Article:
Unity? Ryan cruises to Speaker re-election with only one defection
posted at 5:21 pm on January 3, 2017 by Ed Morrissey
All is apparently forgiven in the House Republican caucus … or at least almost all. Paul Ryan easily won re-election this afternoon to a full term as Speaker of the House, losing only one Republican along the way. Thomas Massie (R-KY) voted for Daniel Webster, Ryan’s 2015 challenger for the post. In fact, Nancy Pelosi lost more Democrats than Ryan lost Republicans, but not by much:
Conservative Rep. Thomas Massie (R-Ky.), a frequent thorn in leadership’s side, was the sole Republican to defect from Ryan. Massie cast his vote for Rep. Daniel Webster (R-Fla.), who challenged Ryan for the Speaker’s gavel in 2015 but not this year.
The final vote totals were 239 votes for Paul Ryan, 189 votes for Rep. Nancy Pelosi (D-Calif.), two votes for Rep. Tim Ryan (D-Ohio) and one vote each for Reps. Jim Cooper (D-Tenn.), John Lewis (D-Ga.) and Daniel Webster (R-Fla.). …
Before Donald Trump’s win in the presidential election, members of Ryan’s own conference were at least talking about voting against him. That talk completely died down after the election, and only Rep. Thomas Massie cast a GOP ballot against Ryan on Tuesday.
Pelosi lost only four votes, which suggests that she retains an iron grip on her caucus — despite terrible results in last year’s election for Democrats up and down the ballot.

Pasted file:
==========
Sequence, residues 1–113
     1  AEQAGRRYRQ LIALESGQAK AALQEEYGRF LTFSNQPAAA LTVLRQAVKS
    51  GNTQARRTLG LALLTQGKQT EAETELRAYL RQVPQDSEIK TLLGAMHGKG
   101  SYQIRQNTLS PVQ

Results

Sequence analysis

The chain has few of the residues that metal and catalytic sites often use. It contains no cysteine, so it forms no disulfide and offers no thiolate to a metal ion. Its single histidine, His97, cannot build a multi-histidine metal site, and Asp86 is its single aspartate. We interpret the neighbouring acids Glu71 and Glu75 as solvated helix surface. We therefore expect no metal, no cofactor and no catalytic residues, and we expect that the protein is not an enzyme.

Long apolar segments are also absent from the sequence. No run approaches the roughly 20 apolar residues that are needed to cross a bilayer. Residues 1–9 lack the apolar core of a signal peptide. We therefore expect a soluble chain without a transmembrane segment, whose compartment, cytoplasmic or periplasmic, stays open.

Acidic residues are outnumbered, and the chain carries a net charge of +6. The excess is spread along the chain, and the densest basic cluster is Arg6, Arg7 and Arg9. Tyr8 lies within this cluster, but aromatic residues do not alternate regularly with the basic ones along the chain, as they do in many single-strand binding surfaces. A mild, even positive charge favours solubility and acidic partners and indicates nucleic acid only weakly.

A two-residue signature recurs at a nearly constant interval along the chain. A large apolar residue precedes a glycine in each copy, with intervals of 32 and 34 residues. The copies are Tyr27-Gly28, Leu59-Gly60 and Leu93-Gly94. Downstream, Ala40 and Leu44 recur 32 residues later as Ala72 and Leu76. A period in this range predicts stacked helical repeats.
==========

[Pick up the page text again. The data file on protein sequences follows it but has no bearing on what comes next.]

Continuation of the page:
Both of these contests were settled weeks ago in caucus votes, so no one expected a different outcome, but perhaps Democrats should have. Pelosi and her leadership team have lost four straight elections and have turned the Democratic Party into an entity consisting almost entirely of coastal enclaves and Academia. A more dramatic revolt today might have made a clear statement about a lack of confidence that Democrats should feel, but apparently do not.
Still, the main story is about the winner of the Speaker contest. Not all that long ago, the portents swirled for yet another revolt against Ryan. A year earlier, Ryan had 45 votes against him in the caucus, and ten of them defected in the House floor vote to replace John Boehner. His contentious relationship with Donald Trump not only had some in the party demanding he relinquish the honorary gavel at the GOP convention but also stoked calls to kick him out of leadership. An effort to preclude his return through a primary challenge attracted support among Trump’s ranks, but fell laughably short. As recently as October, though, the grassroots held Ryan as their focal point for anger against the “establishment” when Ryan carefully parsed his way through endorsing and criticizing Trump.
Less than two months later, the House Republican caucus looks like a love feast in comparison, and Ryan appears firmly seated at its head table. That’s quite a turnaround, and it has portents of its own for coordinated effort between both ends of Pennsylvania Avenue. “No matter how long you’ve been here,” Ryan said in his opening remarks before his election, “you haven’t seen it all.” Perhaps that might be more true than we know in this new session of Congress.